A systematic review of nonpharmacological and nonsurgical therapies for gastroesophageal reflux in infants

Aaron E. Carroll, Michelle M. Garrison, Dimitri A. Christakis

Research output: Contribution to journalArticle

55 Scopus citations


Background: Nonpharmacological and nonsurgical measures are often recommended for gastroesophageal reflux disease (GERD) in infants, despite ambiguous supporting evidence. Objective: To conduct a systematic review of rigorously evaluated nonpharmacological and nonsurgical therapies for GERD in infants. Design/Methods: We searched online bibliographic databases, including MEDLINE, EMBASE, the Cochrane Collaboration and Clinical Trials Database, and alternative medicine databases for the terms gastroesophageal reflux and infants. We selected randomized controlled trials of nonpharmacological and nonsurgical GERD therapies in otherwise healthy infants. Data were extracted from the selected articles regarding reflux, emetic episodes and intraesophageal pH. Results: We identified 43 relevant studies, of which 10 met the selection criteria. These studies examined positioning, pacifier use, and feeding changes. Positioning at a 60° elevation in an infant seat was found to increase reflux compared with the prone position. No significant difference was shown between the flat and head-elevated prone positions. The impact of pacifier use on reflux frequency was equivocal and dependent on infant position. The protein content of formula was not found to affect reflux. Although no study demonstrated a significant reflux-reducing benefit of thickened infant foods compared with placebo, 1 study detected a significant benefit of formula thickened with carob bean gum compared with rice flour (pH<4 for 5% vs 8% of time). Another study showed that if supplementing with dextrose 5% water or dextrose 10% water, the lower-osmolality fluid was associated with less reflux. Conclusions: Many conservative measures commonly used to treat GERD in infants have no proven efficacy. Although thickened formulas do not appear to reduce measurable reflux, they may reduce vomiting. Further studies with clinical outcomes are needed to answer questions about efficacy definitively.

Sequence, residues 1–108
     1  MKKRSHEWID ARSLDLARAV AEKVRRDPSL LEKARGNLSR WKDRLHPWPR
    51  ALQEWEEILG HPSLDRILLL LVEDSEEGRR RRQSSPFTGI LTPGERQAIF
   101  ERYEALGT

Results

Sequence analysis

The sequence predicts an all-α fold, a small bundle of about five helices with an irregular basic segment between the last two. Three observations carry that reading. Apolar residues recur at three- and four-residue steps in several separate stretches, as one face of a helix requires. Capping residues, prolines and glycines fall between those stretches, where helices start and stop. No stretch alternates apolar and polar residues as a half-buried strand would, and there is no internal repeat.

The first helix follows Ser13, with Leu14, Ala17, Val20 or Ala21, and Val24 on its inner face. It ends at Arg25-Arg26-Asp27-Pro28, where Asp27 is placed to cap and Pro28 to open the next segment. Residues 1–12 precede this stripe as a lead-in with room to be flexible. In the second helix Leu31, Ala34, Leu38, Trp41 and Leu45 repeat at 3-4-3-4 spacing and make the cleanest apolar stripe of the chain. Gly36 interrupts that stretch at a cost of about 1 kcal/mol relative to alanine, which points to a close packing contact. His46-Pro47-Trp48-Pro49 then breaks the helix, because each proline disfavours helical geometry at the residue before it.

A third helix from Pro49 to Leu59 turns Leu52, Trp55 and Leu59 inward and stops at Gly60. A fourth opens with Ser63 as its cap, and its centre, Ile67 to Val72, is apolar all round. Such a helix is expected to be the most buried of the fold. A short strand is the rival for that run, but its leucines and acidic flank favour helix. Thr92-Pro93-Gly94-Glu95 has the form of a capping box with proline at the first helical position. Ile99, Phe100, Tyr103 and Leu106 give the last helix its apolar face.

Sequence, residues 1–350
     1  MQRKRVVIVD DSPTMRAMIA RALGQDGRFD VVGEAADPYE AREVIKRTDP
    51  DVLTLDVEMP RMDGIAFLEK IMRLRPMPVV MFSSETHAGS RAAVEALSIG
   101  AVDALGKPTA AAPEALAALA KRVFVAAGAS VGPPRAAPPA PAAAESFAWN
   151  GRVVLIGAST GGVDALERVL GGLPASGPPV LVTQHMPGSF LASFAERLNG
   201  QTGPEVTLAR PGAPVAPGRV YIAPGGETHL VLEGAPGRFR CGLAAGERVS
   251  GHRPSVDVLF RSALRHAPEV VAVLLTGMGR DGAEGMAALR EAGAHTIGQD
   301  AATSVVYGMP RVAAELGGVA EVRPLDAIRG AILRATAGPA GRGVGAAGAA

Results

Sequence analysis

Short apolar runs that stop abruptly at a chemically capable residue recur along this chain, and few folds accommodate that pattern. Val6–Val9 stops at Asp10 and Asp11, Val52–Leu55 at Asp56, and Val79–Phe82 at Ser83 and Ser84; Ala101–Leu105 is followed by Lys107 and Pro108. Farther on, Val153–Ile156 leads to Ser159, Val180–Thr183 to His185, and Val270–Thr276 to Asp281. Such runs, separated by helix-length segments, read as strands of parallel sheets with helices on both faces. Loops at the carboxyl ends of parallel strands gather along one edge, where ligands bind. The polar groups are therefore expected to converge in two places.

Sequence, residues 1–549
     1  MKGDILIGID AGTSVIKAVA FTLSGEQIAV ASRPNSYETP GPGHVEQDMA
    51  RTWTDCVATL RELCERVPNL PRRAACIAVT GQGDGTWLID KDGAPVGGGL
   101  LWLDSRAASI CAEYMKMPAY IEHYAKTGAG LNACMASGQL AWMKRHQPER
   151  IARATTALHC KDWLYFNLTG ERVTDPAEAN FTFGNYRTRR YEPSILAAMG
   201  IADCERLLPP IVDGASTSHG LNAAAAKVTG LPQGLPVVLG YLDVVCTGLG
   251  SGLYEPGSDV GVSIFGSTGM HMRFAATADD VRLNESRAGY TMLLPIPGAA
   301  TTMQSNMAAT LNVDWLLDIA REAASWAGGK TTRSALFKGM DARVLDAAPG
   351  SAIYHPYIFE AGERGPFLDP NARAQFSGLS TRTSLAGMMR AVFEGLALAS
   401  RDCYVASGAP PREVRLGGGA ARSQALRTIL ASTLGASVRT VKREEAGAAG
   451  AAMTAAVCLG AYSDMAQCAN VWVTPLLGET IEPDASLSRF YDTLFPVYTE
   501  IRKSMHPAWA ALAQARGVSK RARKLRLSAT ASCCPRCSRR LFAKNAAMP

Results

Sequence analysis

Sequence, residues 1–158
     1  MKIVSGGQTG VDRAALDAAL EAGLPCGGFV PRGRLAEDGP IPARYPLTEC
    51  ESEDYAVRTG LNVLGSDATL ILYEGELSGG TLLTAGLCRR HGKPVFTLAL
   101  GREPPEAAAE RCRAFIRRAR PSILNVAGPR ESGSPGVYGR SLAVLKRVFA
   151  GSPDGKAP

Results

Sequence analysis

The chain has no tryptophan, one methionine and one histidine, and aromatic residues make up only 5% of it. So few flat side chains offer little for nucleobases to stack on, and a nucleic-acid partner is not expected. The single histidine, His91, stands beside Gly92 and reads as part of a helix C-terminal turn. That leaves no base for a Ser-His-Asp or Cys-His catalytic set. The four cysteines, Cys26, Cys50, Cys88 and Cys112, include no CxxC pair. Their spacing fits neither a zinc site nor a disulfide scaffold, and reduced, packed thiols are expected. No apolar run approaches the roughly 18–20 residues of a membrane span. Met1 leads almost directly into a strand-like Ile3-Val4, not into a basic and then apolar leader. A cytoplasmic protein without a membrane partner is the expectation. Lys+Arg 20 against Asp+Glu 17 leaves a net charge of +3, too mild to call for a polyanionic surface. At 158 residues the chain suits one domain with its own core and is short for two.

Original languageEnglish (US)
Pages (from-to)109-113
Number of pages5
JournalArchives of Pediatrics and Adolescent Medicine
Issue number2
StatePublished - Jan 1 2002
Externally publishedYes

ASJC Scopus subject areas

  • Pediatrics, Perinatology, and Child Health

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